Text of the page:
Today is the start of another three-day Riot Fest, this one in Humboldt Park, not too far northwest of downtown Chicago. Toronto hosted her weekend a few weeks back and Denver will be the final stop come next week. Unfortunately for this author, the disheartening combination of dire financial straits and corporate employment that allows for no empathy toward employees who wish to vanish cross-country for a few days of sound and fun leaves me writing about this rather than hearing it in person.
This particular festival is really a much-fantasized wet-dream amalgamated lineup for any fan of the American underground, circa 1979-1985. If you include the addition of Iggy & The Stooges in Denver next week, you’ve got yourself a once-in-a-lifetime lineup that most likely will never be seen again, amazing in that it never should have been set in motion at all). For me, the fact that FOUR (really five since the Stooges are the most cherished of my rock ‘n’ roll outfits) of my top ten-of-all-time bands will be performing has me agonizing over the personal significance such a historic moment, what it would mean to me personally and how someone somewhere conspired with fate to create this unique opportunity only to have my experience revoked before it could even begin.
Two appearances are due to long-coveted reunions that understandably are seen as blatantly opportunistic and craven in their timing and circumstances . Make that three reunions if you count the two competing lineups of Black Flag.
Simply put, these five particular bands have exerted an incalculable influence on this author, who at the time of my introduction to each one, was your typical socially-alienated, angst-ridden young boy living in the suburban dystopia of the American Midwest. Influencing not only my prose writing and whole approach to songwriting but my philosophy and attitude of and for music, rock ‘n’ roll specifically, what it meant to play rock ‘n’ roll, what rock ‘n’ roll is and how no boundaries or restrictions have to exist if you embrace it like the other-worldy experience it is to so many. (I can go ahead and warn you, my dear reader, that there will be a handful of bands that will receive generous and most definitely excessive coverage in future postings, including all five of these groups today.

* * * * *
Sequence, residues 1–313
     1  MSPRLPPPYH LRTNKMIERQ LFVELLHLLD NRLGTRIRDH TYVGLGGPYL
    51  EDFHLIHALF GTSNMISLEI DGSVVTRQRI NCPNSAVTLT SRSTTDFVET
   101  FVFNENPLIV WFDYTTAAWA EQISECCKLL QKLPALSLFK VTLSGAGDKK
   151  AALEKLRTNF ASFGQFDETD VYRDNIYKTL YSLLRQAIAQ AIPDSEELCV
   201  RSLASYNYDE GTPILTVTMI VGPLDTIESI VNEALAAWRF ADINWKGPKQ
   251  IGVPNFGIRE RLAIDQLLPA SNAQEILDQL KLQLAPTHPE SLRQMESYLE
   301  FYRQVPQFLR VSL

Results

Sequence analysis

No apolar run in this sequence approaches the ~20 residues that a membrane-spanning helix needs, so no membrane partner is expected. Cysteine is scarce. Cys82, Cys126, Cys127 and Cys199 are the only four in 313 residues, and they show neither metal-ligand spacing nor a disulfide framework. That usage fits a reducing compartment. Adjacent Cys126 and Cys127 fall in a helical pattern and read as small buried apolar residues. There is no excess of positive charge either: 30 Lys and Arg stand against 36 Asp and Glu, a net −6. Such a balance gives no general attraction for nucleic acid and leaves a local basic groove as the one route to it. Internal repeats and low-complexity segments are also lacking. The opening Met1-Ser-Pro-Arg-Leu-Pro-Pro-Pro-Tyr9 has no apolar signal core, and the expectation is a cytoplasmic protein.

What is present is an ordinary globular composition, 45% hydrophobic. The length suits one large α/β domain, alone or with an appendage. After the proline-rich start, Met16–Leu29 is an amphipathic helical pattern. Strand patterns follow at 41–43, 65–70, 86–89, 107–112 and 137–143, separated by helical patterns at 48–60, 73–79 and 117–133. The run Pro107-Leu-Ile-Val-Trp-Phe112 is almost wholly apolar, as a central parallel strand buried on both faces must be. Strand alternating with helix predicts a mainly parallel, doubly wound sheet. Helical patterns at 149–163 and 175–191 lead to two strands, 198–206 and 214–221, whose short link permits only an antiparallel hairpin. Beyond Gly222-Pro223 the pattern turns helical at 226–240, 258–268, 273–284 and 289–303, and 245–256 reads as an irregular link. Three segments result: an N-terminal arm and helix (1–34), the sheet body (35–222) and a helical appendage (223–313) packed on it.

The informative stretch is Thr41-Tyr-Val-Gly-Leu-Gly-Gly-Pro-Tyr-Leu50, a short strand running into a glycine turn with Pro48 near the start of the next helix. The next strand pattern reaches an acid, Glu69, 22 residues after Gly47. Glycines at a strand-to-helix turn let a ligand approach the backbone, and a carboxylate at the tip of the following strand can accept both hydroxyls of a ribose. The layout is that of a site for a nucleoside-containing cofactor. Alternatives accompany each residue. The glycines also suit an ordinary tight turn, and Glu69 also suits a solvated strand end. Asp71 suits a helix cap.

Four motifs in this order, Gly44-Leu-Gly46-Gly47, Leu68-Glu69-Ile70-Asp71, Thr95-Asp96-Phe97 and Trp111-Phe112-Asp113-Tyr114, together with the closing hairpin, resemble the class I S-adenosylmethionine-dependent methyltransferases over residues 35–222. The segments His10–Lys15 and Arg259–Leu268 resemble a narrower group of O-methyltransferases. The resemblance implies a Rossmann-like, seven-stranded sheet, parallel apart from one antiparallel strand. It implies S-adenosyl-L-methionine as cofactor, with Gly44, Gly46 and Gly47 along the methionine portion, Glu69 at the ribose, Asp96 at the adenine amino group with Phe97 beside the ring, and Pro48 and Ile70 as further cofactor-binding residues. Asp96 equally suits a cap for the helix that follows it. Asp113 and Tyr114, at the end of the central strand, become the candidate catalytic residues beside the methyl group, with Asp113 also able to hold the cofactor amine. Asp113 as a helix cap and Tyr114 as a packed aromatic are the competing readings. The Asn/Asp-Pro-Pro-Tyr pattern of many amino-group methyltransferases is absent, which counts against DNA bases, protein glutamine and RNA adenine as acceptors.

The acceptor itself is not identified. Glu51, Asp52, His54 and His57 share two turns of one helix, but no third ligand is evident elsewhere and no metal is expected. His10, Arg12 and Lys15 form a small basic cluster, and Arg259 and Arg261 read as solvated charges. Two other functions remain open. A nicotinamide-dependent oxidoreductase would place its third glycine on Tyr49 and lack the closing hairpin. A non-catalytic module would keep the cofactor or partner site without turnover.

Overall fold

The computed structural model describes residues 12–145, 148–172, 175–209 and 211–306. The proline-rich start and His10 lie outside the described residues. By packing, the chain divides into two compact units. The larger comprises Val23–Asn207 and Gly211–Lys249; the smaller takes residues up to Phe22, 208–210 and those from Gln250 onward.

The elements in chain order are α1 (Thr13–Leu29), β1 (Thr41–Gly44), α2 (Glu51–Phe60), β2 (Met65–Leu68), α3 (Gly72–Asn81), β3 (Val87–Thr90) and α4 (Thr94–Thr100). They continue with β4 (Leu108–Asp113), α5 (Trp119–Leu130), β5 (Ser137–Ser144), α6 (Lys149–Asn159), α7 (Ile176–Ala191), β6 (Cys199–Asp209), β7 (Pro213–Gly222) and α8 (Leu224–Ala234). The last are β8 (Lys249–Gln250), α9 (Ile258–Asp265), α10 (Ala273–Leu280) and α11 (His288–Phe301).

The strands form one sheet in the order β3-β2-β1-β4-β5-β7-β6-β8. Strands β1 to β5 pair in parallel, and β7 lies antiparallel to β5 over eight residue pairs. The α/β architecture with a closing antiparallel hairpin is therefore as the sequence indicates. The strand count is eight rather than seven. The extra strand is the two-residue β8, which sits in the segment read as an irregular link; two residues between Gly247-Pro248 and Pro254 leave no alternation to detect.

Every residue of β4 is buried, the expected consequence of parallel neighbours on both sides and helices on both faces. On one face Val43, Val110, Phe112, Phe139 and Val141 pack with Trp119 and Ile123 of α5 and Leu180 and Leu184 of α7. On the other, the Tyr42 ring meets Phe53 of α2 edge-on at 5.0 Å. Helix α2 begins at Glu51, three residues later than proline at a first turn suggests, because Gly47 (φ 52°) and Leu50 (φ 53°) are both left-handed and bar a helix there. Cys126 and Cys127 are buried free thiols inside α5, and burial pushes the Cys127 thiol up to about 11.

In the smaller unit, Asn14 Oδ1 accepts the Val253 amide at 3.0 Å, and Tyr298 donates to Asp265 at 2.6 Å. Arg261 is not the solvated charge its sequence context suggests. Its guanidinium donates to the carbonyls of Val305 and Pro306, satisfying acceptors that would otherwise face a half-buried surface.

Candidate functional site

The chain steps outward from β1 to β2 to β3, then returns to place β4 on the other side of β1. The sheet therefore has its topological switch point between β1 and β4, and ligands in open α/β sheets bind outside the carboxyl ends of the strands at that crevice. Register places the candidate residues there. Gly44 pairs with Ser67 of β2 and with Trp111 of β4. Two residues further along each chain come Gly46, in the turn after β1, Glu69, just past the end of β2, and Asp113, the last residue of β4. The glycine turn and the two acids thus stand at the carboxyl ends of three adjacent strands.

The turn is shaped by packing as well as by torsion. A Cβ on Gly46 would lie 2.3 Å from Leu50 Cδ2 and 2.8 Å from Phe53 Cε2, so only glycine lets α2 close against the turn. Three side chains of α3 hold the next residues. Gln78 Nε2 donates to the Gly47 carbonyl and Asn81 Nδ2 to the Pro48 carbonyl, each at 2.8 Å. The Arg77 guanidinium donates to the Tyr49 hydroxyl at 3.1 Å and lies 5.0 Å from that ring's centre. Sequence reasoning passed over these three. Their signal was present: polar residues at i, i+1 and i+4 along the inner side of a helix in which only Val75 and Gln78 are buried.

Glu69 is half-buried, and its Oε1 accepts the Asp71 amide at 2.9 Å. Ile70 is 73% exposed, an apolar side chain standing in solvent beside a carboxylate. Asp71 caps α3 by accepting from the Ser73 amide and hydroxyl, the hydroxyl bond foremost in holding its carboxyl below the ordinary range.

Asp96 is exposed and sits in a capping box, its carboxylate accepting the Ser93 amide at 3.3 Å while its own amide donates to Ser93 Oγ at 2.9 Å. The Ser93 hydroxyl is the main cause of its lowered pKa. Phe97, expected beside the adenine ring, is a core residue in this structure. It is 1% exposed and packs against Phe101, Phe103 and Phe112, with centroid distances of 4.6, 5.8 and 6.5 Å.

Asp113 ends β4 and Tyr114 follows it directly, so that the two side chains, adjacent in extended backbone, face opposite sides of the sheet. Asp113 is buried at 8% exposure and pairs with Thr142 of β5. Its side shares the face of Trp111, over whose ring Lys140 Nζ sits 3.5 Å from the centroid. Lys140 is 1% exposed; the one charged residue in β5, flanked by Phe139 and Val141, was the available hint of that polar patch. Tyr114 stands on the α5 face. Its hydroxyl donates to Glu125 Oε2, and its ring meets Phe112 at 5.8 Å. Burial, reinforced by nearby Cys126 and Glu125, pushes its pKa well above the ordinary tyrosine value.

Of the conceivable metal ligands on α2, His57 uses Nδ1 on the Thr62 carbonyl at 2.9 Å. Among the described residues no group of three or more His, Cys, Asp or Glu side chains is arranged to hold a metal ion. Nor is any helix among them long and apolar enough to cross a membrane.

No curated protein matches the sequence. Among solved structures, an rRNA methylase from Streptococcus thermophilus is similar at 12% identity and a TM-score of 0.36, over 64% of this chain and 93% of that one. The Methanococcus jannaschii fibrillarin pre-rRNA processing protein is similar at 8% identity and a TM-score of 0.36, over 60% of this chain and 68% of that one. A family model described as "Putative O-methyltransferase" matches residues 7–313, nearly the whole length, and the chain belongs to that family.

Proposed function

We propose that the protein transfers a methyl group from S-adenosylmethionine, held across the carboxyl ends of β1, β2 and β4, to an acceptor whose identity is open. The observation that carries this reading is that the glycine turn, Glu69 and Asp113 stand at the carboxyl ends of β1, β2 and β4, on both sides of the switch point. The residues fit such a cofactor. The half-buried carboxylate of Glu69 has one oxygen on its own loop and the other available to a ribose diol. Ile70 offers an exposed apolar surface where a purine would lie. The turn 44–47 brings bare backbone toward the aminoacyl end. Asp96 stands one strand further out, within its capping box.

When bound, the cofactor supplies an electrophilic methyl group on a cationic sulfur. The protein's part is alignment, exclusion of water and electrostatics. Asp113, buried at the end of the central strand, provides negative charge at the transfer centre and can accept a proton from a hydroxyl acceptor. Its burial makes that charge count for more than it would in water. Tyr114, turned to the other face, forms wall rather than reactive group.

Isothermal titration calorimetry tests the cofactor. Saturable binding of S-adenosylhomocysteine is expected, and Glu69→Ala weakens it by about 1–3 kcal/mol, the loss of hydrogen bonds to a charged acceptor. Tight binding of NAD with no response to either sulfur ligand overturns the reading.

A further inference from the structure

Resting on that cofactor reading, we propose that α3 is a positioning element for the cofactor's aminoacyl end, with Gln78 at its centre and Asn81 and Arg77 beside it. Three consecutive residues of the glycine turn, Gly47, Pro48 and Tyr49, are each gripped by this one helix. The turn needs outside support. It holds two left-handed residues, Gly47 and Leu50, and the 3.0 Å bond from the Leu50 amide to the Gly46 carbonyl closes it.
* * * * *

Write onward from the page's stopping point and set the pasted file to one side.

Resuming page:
Who could have imagined a bill like this, way back in 1994? I never would have dreamt that I would have be able to witness this very specific set of bands, no one would have really, if you were aware of all the deaths, tragedies, standard-issue band tension, and debatable loss of credibility and/or integrity baggage that comes along with any musical reunion . There are a few other amazing acts that are on the bill that deserve mention and so I will briefly introduce them as they will also be featured prominently in the future.
I suspect the average Millennial isn’t aware of who Bob Mould is not to mention the wünderband he fronted from the spring of 1979 through a fairly common acrimonious split just weeks into 1988, that band being the mighty Hüsker Dü. One of a handful of THE super-influential bands from an important and vital era for the musical underground and burgeoning influence of a college-centric alternative music industry during those money-hungry, conservative-leaning years of Reagan and Bush, groups that include among many, REM, Jane’s Addiction, and Pixies, The Hüskers can seriously claim almost an omnipresent stylistic presence over most sounds emanating from so many of the commercially successful and derivative so-called alternative rock acts during the 1990s.
I haven’t researched his setlist for his 2013 shows but I’d be willing to bet a nickel that some Hüsker classics will find their way into the set. Hey, a Bob Mould setlist dominated by mostly solo-and-Sugar tunes with a few Dü tunes thrown in is better than none at all.
I find this reunion even more unexpected and intriguing than the Replacements‘ reformation. It’s well documented that after years of public sniping between band members, SST’s sudden ability in the early to mid ’90s to relieve itself of any responsibility for paying royalties along with massive egos that were nurtured like only they can be with trailblazing for a whole generation of underground bands has prevented any sort of true reunion up to this point. Ginn did put on three reunion shows (of sorts) to benefit some sort of cat rescue organization and Greg and Ron did play together for Ron’s 50th birthday in 2010.